US Army Turns to Hollywood to Prepare Soldiers for Deployment
A decade ago, the US Army turned to the University of Southern California, the gaming industry, and Hollywood to develop virtual reality systems to simulate the battlefield situations and cultural interactions that soldiers would face in deploying overseas. The result was the establishment of the Institute for Creative Technologies (ICF).
The institute uses technologies in artificial intelligence, graphics, and immersion to create interactive simulations that help soldiers not only see the training situation but also interact with virtual soldiers, insurgents, and civilians.
To continue that work, the Army awarded the institute a $78.5 million, 7-year indefinite delivery/ indefinite quantity contract…
Under the contract, ICF will continue its research on advanced modeling and simulation, capitalizing on research and development in disciplines within the entertainment industry. The research results are being transferred for implementation into prototypes of systems to be used by the current and future US military force.
The institute has already developed dozens of soldier training tools. For example, the FlatWorld Wide Area Mixed Reality demonstration is a 3-D gaming environment that melds concepts of stagecraft from Hollywood, including real-world props, with projection screens, to make a virtual world soldiers can move around in and interact with other people, both real and simulated.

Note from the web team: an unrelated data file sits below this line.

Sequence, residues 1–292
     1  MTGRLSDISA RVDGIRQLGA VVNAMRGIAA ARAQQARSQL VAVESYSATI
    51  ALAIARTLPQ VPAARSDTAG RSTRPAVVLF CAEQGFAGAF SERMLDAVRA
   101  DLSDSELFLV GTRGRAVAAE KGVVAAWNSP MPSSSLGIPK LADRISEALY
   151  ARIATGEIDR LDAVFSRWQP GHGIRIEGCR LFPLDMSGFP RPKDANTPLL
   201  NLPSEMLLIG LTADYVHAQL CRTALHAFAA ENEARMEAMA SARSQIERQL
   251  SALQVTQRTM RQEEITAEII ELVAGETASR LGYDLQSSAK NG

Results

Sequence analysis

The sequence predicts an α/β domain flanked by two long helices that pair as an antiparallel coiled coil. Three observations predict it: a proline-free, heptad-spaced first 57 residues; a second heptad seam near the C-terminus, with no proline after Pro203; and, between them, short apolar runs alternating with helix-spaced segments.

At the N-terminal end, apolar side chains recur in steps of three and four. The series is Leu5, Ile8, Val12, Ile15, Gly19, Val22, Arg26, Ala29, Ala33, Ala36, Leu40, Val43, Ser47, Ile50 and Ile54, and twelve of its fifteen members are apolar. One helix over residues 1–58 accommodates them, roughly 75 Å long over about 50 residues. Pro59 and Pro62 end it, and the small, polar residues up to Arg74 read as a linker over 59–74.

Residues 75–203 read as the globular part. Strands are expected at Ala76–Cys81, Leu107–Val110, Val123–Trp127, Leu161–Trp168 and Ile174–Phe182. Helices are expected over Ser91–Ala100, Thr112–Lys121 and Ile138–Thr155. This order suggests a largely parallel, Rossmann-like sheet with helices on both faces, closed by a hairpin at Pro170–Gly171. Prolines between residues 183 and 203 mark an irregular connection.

Also, ICF has developed for the Army the Enhanced Learning Environments with Creative Technologies (ELECT) suite of portable training programs. One of the ELECT programs is called UrbanSim, which is a PC-based, virtual training application to prepare leaders for complex operational environments, including experiencing and dealing with behaviors of different types of people.
The UrbanSim trainee takes on the role of a battalion or brigade commander in a foreign country. The commander attempts to maintain stability, fight insurgency and crime, reconstruct the civic infrastructure and prepare for transitions in a densely populated urban environment with multiple social and cultural groups as well as key individuals. Trainees develop and update their situational understanding, anticipate the potential 2nd and 3rd order effects of their orders, and direct action to develop, break and exploit connections among key factors.
Another ELECT program is BiLAT, which teaches soliders skills for conducting meetings and negotiations at the interpersonal level with Middle Eastern people. Trainees assume the role of an Army officer who needs to conduct a series of meetings with local leaders to achieve the mission objectives. The trainee must establish his or her own relationships with the virtual characters and be sensitive to the character’s cultural conventions. Any misstep could set the negotiations back or end them completely.
ICF will complete the initial work under the contract by Sept 29/11. The US Army Research Development Engineering Command’s Acquisition Center in Durham, NC manages the contract (W911NF-04-D-0005).